On Blacks and Fat: Dr. Michelle Gourdine
This author says black women can embrace their curves as long as they know their health stats, too.
TR: If you could make just one suggestion for people to implement in their daily lives with respect to weight and health, what would it be?
MG: This one is really important to me. African-American women in general have a very accepting attitude about each other, and it's not dependent on size. In other words, we know we can be beautiful and we can be confident at any weight. But part of that self-acceptance and self-love means paying attention to your physical health.
There's a big difference between simply being curvy and being unhealthy. So the one suggestion I would make would be that, in addition to paying attention to the number on the scale, you pay attention to other numbers as well.
Just like you know your phone number and your Social Security number, you need to know your cholesterol, your blood sugar and your blood pressure and the size of your waist. These numbers, if they're off-kilter, are like a dashboard. They indicate that your arteries are clogging up, that you're not processing insulin properly, and that can mean you're teetering on the verge of diabetes, heart attack and stroke. So know your numbers so you can maintain a healthy weight and live a healthy life.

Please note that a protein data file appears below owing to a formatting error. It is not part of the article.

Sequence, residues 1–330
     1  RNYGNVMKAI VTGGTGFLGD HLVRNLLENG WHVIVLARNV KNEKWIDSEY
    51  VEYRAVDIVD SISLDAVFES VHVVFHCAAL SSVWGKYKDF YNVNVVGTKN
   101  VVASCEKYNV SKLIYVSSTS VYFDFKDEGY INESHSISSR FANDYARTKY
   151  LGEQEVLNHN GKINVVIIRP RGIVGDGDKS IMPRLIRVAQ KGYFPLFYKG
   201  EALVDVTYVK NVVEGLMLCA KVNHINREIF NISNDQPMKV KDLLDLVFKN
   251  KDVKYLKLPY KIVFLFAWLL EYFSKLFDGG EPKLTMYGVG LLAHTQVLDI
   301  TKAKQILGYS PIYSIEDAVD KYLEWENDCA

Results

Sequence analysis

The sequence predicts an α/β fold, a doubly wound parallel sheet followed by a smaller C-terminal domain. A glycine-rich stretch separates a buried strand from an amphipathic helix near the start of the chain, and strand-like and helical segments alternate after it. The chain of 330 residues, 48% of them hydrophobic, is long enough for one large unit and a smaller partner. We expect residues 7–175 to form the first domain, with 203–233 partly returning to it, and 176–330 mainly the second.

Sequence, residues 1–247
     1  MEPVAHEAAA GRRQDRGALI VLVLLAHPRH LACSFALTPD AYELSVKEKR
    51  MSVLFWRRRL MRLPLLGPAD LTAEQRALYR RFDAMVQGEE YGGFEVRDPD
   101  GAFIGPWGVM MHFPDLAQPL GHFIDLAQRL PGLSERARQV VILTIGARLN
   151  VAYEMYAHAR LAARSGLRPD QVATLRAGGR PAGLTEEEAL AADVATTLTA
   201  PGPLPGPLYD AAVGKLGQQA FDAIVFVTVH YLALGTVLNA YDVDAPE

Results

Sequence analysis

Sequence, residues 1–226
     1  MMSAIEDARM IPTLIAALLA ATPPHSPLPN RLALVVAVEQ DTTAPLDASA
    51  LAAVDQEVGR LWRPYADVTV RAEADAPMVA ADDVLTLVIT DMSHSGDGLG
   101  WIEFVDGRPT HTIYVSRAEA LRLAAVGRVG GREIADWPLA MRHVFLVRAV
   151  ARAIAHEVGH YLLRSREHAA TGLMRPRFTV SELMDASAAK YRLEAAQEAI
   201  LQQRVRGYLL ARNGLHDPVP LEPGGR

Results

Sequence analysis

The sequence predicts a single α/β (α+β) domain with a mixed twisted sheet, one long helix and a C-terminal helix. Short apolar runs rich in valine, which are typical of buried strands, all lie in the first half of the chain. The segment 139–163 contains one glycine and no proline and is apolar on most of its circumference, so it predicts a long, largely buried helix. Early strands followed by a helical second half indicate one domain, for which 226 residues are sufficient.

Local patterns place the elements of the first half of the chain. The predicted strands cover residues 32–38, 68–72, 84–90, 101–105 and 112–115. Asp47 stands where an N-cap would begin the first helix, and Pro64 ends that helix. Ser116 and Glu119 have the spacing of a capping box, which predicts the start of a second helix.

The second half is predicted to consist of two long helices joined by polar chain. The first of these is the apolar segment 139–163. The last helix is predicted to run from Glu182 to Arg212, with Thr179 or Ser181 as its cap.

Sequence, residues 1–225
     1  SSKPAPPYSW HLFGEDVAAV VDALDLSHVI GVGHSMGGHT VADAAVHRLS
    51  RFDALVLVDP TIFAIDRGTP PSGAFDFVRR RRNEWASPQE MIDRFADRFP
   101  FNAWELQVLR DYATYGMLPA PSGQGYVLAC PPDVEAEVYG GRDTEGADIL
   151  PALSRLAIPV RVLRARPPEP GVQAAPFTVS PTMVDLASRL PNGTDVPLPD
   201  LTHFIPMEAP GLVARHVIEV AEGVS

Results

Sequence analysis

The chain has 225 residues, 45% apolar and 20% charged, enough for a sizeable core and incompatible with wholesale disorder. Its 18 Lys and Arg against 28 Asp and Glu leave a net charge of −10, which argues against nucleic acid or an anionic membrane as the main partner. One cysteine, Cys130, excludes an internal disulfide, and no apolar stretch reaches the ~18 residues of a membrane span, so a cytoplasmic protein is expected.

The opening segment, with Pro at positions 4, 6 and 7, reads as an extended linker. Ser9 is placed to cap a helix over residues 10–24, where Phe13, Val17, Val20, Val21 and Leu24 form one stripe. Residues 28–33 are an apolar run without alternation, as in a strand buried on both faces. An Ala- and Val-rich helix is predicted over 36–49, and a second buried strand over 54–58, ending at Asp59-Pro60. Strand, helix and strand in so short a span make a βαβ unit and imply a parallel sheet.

TR: Are there any other cultural, historical or psychological issues that you think make the black community's relationship with weight and health unique?
MG: In addition to our being more accepting of curves, which is something that's healthy, we tend to judge our weight in comparison to people who are our peers -- people who we're around at the job, in the neighborhood, et cetera. Black women might perceive themselves to be of normal weight because they might have friends or contemporaries or peers who are heavier than they are. But in fact, they're all obese.
Not to put too much emphasis on the weight number, but it's important to understand when you're moving toward that overweight and obese range. When the doctor measures your weight and tells you you're in that zone where you're headed toward overweight or obesity, pay attention to that. Don't harp on the number, but make sure you get the other information you need to make sure you're maintaining good health overall.
Jenée Desmond-Harris is The Root's staff writer.